11-10-2013 02:05 AM - last edited on 11-10-2013 08:27 PM by Maiko-I
# df -hP /opt/linuxdepots/
Filesystem Size Used Avail Use% Mounted on
uxlinux:/sg/opt/linuxdepots 354G 34G 302G 11% /autofs/linuxdepots
Here both "/autofs/linuxdepots" and "/opt/linuxdepots/" are same. But my query is /autofs/linuxdepots is configured part of autofs. but there is no clue how /opt/linuxdepots/ is configure.
Can any one throw some light on this.
P.S. This thread has been moved from Linux > System Admin to Linux > networking. - Hp Forum Moderator
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11-11-2013 06:41 AM
It is probably caused by symbolic links (sort of similar to Windows shortcuts).
Please run this command:
ls -ld /opt /opt/linuxdepots
Either the /opt directory or /opt/linuxdepots may be a symbolic link.
Symbolic links are identified in the ls -ld listing by having a lower-case letter "l" in the first column. They will also have their target displayed at the end of the line. You will probably see something like this:
lrwxrwxrwx 1 root root <timestamp> /opt/linuxdepots -> /autofs/linuxdepots or lrwxrwxrwx 1 root root <timestamp> /opt -> /autofs
The permissions of a symbolic link are normally ignored, and the permissions of the actual file will be used instead.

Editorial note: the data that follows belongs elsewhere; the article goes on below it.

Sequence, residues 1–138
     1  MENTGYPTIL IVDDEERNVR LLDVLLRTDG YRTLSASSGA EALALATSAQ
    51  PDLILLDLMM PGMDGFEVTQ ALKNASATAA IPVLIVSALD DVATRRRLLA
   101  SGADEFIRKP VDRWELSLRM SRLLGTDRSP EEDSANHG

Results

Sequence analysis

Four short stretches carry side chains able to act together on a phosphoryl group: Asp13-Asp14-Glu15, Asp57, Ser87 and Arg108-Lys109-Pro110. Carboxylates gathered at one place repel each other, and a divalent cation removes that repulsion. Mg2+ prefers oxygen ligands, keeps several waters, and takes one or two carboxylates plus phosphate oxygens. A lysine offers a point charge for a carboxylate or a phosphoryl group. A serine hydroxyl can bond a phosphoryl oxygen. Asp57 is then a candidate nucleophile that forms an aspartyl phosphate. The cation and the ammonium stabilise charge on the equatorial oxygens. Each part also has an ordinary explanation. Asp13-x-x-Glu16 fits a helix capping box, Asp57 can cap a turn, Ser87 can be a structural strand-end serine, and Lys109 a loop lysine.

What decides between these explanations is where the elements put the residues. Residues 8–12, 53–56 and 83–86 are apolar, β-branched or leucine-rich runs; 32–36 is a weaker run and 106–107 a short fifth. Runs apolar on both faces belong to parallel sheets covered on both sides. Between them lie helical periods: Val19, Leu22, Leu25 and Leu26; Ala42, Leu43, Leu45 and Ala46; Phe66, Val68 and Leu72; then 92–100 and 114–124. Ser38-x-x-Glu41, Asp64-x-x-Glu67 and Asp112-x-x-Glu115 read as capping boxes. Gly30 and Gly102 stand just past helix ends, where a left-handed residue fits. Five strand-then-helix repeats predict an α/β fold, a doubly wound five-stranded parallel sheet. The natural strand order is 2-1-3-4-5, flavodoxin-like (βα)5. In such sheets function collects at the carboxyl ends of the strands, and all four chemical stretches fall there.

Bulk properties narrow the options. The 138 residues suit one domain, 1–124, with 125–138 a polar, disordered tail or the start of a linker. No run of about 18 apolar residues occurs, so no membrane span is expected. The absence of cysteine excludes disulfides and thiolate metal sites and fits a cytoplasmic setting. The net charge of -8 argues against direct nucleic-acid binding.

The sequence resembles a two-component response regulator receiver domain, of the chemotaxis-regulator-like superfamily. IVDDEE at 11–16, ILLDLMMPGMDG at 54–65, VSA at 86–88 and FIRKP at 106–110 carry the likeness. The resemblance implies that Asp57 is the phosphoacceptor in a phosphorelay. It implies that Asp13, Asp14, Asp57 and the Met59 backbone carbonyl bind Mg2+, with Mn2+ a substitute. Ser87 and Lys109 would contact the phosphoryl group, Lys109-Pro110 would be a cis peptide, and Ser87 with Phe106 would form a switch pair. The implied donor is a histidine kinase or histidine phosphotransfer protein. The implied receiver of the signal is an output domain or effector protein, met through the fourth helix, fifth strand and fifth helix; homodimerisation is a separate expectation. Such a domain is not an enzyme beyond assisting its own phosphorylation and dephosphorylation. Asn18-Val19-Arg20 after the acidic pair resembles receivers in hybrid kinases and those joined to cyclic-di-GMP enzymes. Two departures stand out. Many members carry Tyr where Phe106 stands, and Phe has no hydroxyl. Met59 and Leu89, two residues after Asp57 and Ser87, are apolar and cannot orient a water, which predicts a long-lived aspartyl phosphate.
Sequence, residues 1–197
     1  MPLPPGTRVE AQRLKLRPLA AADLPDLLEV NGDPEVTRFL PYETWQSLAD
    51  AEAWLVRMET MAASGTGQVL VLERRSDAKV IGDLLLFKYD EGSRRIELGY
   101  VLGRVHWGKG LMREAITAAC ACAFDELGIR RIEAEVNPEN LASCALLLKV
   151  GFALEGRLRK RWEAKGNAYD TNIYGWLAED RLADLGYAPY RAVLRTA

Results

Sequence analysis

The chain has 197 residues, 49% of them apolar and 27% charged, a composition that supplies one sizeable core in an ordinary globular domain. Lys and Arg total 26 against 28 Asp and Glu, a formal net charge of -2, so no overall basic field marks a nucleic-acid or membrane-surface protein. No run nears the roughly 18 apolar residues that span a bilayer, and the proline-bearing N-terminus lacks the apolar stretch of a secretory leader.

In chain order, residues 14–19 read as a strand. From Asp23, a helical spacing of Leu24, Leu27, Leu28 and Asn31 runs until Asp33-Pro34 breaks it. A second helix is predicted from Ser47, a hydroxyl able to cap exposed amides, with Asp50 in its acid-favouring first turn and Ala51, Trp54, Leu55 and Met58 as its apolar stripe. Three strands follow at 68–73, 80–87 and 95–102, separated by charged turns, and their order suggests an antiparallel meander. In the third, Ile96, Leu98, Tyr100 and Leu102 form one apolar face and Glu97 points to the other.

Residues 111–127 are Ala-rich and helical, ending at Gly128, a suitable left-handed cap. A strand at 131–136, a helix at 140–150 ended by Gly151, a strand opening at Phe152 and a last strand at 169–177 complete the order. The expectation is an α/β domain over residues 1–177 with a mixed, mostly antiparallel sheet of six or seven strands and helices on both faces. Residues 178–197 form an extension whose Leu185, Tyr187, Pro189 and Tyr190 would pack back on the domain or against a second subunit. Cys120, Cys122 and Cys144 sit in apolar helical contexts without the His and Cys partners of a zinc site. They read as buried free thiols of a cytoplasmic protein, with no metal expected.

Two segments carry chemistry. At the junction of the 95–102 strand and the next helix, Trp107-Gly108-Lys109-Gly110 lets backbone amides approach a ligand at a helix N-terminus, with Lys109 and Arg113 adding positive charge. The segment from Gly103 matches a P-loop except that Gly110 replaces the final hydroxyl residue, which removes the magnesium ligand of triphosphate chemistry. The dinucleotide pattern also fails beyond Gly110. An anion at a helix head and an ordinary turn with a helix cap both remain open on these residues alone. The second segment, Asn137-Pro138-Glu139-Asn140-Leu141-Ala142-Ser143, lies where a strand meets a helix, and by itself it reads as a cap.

This is why the permissions of symbolic links are usually always "lrwxrwxrwx" and they cannot be easily changed.
(Some very special situations may produce symbolic links with different permissions, but those situations should be regarded as programming errors or minor filesystem corruption.)
Symbolic links can be created with the "ln -s" command, and deleted with a regular "rm" command.
The use of "ln -s" is conceptually similar to the "cp" command:
"cp <source> <destination>" makes a copy of <source> at <destination>,
and "ln -s <source> <destination>" makes a link to <source> appear at <destination>.
In both cases, if <destination> is a directory, the copy/link will be created using its original file/directory name, but if <destination> is a non-existent file in a valid directory, then the copy/link will be named <destination> instead of its original file/directory name.
11-11-2013 09:48 AM
>"ln -s" is conceptually similar to the "cp" command:
>"ln -s <source> <destination>" makes a link to <source> appear at <destination>.
Hmm, I conceptualize it exactly the reverse. I.e.:
ln -s <target of symlink> <symlink>
Though without the -s, for hardlinks, there is a well defined source.
11-12-2013 02:30 PM
It does not look like symbolic link. Please find the output.
# ll -d /opt/linuxdepots/
dr-xr-xr-x 58 root root 3072 Nov 12 15:12 /opt/linuxdepots/
# ll -d /autofs/linuxdepots/
dr-xr-xr-x 58 root root 3072 Nov 12 15:12 /autofs/linuxdepots/
11-16-2013 02:12 PM
> # ll -d /opt/linuxdepots/
> dr-xr-xr-x 58 root root 3072 Nov 12 15:12 /opt/linuxdepots/
Leave out the last slash from the command. When trying to check the information of a directory symlink, it can make a difference.
Please try this command EXACTLY:
# ll -d /opt/linuxdepots